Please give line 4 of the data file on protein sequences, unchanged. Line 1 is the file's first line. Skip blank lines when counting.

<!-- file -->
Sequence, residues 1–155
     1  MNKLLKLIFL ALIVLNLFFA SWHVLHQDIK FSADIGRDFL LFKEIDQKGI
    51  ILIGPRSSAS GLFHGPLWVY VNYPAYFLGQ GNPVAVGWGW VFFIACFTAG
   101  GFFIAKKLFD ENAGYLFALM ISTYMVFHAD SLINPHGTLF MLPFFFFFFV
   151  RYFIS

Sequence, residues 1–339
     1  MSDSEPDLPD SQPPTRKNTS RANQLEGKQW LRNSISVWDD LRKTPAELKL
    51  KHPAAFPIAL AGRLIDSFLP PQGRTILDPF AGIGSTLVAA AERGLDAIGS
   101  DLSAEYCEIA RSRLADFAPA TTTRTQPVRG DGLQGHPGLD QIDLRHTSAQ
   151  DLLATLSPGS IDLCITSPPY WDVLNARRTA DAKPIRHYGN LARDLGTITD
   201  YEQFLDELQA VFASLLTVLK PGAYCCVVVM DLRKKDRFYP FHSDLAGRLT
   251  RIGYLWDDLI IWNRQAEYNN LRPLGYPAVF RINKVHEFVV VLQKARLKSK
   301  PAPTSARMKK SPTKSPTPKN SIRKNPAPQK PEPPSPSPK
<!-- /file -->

   101  GFFIAKKLFD ENAGYLFALM ISTYMVFHAD SLINPHGTLF MLPFFFFFFV